SAN DIEGO – Special Operations Chief Edward Gallagher's court-martial continued Wednesday with SO1 Dylan Dille, saying Gallagher declared he would kill an ISIS prisoner if ever the opportunity arises should.
"If we ever get a wounded enemy, the doctors know what to do to kill him," Dille said.
Dille also said that he heard Gallagher over the radio when he learned that an ISIS prisoner had been captured and said, "No one touches him. He's mine. "
Dille is a former Navy SEAL who served at Gallagher in Mosul in 2017. He was with the Navy from 201
Gallagher, a Navy SEAL, was a paramedic preliminary statements that he had medically treated the ISIS prisoner accused of having been stabbed to death.
Dille further stated that the prisoner was conscious, spoke to an Iraqi general, and had a "slight injury." Dille said he had returned to his mortar post to provide security because the "tactical situation was worsening."
When he returned to the IS prisoner, Dille found that the prisoner was dead, the defense showed a photograph of the ISIS prisoner spread out in front of the train.
Dille said he had decided not to appear on the photo "because it was unprofessional."
He also reported the renewal recruiting ceremony for Gallagher in the presence of the dead ISIS prisoner. The ceremony was conducted by the officer responsible for the SEAL platoon.
Dille recalled a Gallagher-convened meeting of all the older E-6s, recognizing that his younger SEAL colleagues were uncomfortable with the day's events.
"This was just an ISIS scumbag," he quoted Gallagher. "The next time we get a prisoner … he will be invisible."
The prosecution then turned to another incident, claiming Gallagher had shot at Iraqi civilians. Dille testified that he was witnessing a sniper fire from a building where Gallagher was posted on Father's Day 2017. The shot, according to Dille, hit an unarmed older man on the street]
"I could tell right away that he was hit," Dille said. "I saw the contrails hit him. … As he turned the corner, it developed a blood vessel. Dille then testified that he had heard Gallagher's voice on the radio: "He had thought he had failed. "
Dille is the second witness of the prosecutor's office Take a stand in Gallagher's court-martial.
In cross-examination, senior defense attorney Timothy Parlatore attacked Dille's testimony – after recollecting the events in Iraq – and accused him of beautifying the ISIS detainee's age in court.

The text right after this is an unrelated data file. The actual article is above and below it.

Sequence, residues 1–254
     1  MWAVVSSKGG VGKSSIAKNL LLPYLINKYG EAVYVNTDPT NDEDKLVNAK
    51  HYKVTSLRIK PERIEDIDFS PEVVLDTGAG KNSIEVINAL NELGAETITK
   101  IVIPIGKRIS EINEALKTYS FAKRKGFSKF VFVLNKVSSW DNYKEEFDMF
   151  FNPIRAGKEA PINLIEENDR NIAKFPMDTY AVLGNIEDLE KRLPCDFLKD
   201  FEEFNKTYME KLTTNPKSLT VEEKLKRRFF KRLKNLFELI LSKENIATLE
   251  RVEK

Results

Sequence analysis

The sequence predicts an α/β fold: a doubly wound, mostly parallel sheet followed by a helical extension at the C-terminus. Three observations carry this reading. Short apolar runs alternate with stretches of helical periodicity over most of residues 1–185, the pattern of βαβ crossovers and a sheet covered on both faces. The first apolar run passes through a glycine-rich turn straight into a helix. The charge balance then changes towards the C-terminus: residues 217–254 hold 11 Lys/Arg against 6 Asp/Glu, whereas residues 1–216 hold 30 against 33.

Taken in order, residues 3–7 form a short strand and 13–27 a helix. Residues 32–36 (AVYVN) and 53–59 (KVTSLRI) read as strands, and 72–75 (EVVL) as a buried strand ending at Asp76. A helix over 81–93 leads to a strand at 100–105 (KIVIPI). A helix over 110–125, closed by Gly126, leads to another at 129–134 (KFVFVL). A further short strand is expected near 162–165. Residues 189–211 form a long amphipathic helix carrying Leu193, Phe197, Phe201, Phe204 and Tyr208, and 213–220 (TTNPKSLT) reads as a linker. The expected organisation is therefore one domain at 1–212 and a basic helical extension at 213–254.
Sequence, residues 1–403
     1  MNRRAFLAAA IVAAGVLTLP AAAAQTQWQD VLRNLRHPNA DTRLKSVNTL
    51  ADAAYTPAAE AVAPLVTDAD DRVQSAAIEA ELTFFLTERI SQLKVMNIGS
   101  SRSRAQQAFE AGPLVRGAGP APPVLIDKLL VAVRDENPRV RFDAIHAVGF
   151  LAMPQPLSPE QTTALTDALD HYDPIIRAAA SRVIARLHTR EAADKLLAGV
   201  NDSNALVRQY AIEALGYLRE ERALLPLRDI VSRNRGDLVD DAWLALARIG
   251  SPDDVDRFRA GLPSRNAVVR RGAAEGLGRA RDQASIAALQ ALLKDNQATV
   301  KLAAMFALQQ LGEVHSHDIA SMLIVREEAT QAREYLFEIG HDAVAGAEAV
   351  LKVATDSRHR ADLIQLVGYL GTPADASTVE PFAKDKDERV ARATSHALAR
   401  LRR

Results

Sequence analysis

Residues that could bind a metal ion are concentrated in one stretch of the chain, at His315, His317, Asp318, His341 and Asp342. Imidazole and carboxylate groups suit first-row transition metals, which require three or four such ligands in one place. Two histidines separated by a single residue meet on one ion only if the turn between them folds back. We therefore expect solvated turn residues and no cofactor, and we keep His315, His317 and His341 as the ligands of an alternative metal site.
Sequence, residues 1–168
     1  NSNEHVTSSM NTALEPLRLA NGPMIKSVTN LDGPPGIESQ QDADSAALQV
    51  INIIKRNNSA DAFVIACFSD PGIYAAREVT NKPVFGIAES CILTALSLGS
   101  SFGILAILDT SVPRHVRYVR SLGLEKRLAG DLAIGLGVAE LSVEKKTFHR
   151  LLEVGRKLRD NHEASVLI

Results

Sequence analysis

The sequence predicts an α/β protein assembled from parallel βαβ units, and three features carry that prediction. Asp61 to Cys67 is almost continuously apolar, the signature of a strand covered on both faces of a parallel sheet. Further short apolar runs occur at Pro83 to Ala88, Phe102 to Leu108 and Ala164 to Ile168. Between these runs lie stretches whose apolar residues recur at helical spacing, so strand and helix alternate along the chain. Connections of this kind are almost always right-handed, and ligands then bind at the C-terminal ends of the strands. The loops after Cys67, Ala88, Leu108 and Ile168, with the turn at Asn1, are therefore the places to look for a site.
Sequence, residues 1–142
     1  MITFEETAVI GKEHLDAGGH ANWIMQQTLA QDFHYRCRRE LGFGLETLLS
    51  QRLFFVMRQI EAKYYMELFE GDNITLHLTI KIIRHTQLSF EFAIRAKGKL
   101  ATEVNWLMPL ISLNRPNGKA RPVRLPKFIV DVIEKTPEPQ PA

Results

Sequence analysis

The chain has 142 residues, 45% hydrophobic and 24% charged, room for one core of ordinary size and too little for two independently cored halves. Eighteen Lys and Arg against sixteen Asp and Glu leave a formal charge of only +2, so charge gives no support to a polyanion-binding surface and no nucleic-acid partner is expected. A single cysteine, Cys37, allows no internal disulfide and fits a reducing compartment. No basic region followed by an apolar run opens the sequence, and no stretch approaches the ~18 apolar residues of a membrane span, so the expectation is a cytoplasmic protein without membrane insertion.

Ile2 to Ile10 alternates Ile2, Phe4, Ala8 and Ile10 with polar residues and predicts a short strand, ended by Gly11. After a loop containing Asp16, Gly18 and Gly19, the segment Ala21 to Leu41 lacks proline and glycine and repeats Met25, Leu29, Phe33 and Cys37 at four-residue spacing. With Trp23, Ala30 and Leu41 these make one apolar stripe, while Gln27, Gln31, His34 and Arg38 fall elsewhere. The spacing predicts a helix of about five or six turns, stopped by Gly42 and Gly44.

This jury, "Parlatore said, pointing out to Dille that the prisoner was 15 to 20 years old. "They just want this jury to hear 12."
"This is inaccurate," Dille retorted, claiming he had consistently guessed the prisoner's age between 12 and 15 years old.
Parlatore also attacked Dille's story about the alleged father's Day 2017 incident in which Gallagher is accused of shooting an elderly Iraqi civilian.
"An old man has dramatic effects on Father's Day," Parlatore accused. "I can see why you chose this day."
Parlatore also asked Dille why he had not raised his concerns over Gallagher's supposedly monstrous behavior on the battlefield. Dille said there was never an opportunity.
Gallaghers prosecutors are cowards who wanted to derail his nomination for a Silver Star for bravery and a promotion to teaching urban war, Parlatore has said.
Because there is little actual evidence in this case, the jury will be forced to judge the credibility of the prosecution witnesses in deciding the fate of Gallagher. Three questions were tabled by the jurors, according to Dille, but little was said about whether they believed his testimony or not. A seven-member jury, composed mainly of veterans of the struggle, to decide whether it was a snapshot of a An enemy who inflicted wounds, or a trophy shot taken by a prisoner of war who was killed under his care.
Gallagher, whose case has drawn the president Trump's attention is on seven charges, including premeditated murder and attempted murder. He is also accused of having shot and killed two civilian gunmen – an elderly man and a girl of school age – in 2017 in Iraq. He did not plead guilty to the charges for which he could be sentenced to life imprisonment.